FIG. 1 is a block diagram of a system configuration to which the present invention is applied.

FIG. 2 is a block diagram of a terminal configured according to the present invention.

FIG. 3 is a view of typical displays provided according to the present invention.

FIG. 4 is another view of typical displays provided according to the present invention.

FIG. 5 is another view of typical displays provided according to the present invention.

FIG. 6 is another view of typical displays provided according to the present invention.

FIG. 7 is another view of typical displays provided according to the present invention.

FIG. 8 is another view of typical displays provided according to the present invention.

FIG. 9 is a flowchart of steps in which a cursor control program embodying the present invention operates.

FIG. 10 is a flowchart of steps in which the program of an icon display area 161 and the program of an icon display area 171 operate, the two programs also embodying the present invention.

FIG. 11 is a flowchart of steps in which another cursor control program embodying the present invention operates.

FIG. 12 is a view of typical windows that appear on a display apparatus embodying the present invention.

BACKGROUND OF THE INVENTION

The present invention relates to an apparatus and a method for screen display.

In monitoring and controlling a plant or similar facilities, operators perform their tasks by monitoring a plurality of display apparatuses (e.g., CRT's) laid out in either a concentrated or distributed manner. The operator's task involves manipulating a cursor on the screen of the display apparatus for such diverse operations as entering and modifying information, magnifying and reducing the screen, and switching from one screen to another.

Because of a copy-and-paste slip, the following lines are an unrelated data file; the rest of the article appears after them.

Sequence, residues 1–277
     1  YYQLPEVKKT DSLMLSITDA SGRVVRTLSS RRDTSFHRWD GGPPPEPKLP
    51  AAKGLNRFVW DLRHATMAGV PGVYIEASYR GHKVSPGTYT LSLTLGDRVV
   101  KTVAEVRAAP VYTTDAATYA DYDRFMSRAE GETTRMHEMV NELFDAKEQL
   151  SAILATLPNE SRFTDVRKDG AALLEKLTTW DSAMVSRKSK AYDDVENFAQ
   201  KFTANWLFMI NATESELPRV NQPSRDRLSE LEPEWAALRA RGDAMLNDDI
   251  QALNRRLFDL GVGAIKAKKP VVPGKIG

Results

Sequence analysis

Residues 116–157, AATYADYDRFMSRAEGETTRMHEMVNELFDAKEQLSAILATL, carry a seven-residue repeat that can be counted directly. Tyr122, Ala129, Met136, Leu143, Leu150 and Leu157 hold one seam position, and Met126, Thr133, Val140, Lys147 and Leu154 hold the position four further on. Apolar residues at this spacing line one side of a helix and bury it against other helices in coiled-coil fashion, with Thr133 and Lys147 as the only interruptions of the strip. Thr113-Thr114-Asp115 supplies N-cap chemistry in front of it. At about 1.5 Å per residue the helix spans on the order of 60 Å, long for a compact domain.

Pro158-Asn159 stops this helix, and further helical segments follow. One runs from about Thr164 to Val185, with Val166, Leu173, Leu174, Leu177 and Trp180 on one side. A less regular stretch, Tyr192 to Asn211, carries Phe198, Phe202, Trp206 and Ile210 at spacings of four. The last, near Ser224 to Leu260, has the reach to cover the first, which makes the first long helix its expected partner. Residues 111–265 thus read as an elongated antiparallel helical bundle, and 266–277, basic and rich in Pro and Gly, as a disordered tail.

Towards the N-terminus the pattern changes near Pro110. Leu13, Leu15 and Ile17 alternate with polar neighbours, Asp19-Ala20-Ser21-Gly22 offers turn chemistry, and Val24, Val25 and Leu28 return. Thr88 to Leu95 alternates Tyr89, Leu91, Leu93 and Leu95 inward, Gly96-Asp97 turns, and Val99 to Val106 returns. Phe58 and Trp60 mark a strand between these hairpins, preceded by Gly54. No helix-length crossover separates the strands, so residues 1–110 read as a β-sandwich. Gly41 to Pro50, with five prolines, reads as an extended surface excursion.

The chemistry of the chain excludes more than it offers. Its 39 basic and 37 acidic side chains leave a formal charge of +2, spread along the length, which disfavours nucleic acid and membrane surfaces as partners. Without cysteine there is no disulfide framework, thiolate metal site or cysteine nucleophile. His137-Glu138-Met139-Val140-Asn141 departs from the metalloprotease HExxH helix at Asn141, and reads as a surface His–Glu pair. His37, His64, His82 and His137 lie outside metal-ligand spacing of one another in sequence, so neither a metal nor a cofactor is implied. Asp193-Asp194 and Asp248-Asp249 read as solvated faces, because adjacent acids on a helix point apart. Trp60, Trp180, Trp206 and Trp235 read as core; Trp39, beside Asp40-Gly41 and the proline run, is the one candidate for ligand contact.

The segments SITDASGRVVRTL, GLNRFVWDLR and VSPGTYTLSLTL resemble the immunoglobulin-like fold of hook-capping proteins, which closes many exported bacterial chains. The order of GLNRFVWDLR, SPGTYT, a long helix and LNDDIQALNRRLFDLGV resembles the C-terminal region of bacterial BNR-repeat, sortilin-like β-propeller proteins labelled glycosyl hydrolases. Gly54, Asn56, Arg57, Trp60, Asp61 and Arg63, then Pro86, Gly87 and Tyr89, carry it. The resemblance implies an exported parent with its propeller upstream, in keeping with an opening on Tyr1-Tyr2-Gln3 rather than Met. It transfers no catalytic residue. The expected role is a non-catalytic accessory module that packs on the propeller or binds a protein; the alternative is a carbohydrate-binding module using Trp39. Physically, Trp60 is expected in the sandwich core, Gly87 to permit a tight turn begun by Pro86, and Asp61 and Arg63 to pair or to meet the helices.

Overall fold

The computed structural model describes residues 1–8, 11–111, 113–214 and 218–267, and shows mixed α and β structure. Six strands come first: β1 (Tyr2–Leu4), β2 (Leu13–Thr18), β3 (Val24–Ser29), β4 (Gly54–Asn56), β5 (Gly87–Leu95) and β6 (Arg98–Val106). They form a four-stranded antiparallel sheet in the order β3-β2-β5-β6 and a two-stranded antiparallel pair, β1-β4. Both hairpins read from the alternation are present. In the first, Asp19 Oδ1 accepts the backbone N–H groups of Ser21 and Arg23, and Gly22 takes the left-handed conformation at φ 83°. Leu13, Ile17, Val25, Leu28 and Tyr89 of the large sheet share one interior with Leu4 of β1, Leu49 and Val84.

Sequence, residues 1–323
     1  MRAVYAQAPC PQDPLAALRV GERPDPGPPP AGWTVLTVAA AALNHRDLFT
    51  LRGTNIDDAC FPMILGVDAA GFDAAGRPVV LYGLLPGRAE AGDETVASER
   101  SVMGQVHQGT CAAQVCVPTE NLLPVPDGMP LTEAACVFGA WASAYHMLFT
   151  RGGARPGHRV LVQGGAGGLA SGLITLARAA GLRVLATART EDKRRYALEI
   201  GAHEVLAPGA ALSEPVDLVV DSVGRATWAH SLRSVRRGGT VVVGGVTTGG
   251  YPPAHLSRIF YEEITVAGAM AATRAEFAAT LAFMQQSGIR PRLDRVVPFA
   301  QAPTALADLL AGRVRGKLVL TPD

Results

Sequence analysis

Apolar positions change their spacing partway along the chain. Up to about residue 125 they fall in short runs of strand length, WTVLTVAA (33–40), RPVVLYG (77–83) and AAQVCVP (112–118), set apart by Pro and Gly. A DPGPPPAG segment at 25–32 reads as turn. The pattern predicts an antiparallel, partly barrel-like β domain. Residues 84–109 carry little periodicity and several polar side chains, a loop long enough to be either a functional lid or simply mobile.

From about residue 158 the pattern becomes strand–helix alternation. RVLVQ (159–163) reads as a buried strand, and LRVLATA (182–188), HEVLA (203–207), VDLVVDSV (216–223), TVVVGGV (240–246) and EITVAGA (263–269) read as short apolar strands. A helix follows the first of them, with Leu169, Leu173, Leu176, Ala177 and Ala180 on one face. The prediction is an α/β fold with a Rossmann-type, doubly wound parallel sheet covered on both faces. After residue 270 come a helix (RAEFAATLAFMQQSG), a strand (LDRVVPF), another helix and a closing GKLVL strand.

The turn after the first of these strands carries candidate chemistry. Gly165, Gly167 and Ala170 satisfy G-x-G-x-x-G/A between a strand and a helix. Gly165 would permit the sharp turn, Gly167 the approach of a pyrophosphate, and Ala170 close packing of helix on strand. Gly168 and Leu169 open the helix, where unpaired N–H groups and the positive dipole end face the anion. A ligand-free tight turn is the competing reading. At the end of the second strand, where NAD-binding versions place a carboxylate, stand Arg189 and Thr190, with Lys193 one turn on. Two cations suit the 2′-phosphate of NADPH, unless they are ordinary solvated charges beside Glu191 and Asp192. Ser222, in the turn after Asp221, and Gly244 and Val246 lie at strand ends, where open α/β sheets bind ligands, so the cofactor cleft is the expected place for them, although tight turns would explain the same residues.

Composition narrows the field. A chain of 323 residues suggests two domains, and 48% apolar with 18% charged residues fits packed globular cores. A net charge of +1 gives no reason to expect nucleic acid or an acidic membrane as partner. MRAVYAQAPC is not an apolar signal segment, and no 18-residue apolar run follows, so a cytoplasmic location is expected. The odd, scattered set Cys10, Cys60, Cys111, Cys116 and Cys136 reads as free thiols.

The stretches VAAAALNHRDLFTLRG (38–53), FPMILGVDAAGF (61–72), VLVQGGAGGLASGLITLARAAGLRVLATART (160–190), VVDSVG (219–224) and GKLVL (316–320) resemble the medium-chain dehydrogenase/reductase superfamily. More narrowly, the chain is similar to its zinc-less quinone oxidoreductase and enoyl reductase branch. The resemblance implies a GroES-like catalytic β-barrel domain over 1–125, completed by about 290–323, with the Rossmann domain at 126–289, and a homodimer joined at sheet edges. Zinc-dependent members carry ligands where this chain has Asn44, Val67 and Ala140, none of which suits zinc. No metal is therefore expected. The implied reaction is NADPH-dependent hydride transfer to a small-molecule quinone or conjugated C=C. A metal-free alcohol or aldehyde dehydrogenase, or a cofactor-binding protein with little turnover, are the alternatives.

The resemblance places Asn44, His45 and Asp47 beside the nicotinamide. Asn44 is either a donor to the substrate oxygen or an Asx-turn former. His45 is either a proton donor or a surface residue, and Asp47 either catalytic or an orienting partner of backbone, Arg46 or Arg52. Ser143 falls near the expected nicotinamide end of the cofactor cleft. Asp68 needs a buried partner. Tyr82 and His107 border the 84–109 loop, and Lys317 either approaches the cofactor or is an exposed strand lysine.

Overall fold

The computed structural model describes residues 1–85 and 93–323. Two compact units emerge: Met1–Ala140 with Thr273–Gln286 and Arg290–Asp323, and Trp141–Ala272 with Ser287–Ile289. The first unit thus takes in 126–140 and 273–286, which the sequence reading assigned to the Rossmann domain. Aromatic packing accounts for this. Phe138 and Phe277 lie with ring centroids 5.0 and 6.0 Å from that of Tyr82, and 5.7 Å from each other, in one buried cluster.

Recent years have seen a significant increase in the amount of information to be handled by each operator manning the plant. One operator has to monitor a plurality of display apparatuses and to operate the plant accordingly. This requires shifting the cursor from the screen of the currently used display apparatus to that of another display apparatus for continuous operation. The shifting of the cursor is accomplished illustratively by the technique disclosed in Japanese Patent Laid-Open No. 256125/1987. The technique involves getting the cursor to move out of the screen of the currently used display apparatus, when the cursor exceeds the display limits of the current screen, to the screen of another display apparatus. Using the pointing device such as a mouse, the operator moves the cursor while watching it on the screen of the display apparatus.

SUMMARY OF THE INVENTION

The present invention to provides an apparatus and a method for screen display offering the advantage of allowing the cursor to move across a plurality of display screens without the cursor getting out of sight of an operator where the multiple display apparatuses are distanced from one another or where the screen size differs from one display apparatus to another.

In carrying out the invention and according to one aspect thereof, there is provided a screen display method for displaying either a plurality of screens or a plurality of windows on a single screen. The method includes the steps of: displaying, either on at least one screen or in at least one window, areas representing either the other screens or the other windows; and causing, when a pointer pointing to a given position either on that one screen or in that one window is used to select any one of these areas therein, the pointer to appear either on another screen or in another window corresponding to the selected area.

Other features and advantages of the present invention will become apparent in the following specification and accompanying drawings.

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Classifications
U.S. Classification715/856, 345/1.1
International ClassificationG06F3/153, G09G5/14, G09G5/08, G06F3/048, G06F3/033, G06F3/14
Cooperative ClassificationG06F3/1423, G09G5/08, G06F3/0481
European ClassificationG06F3/0481, G09G5/08, G06F3/14C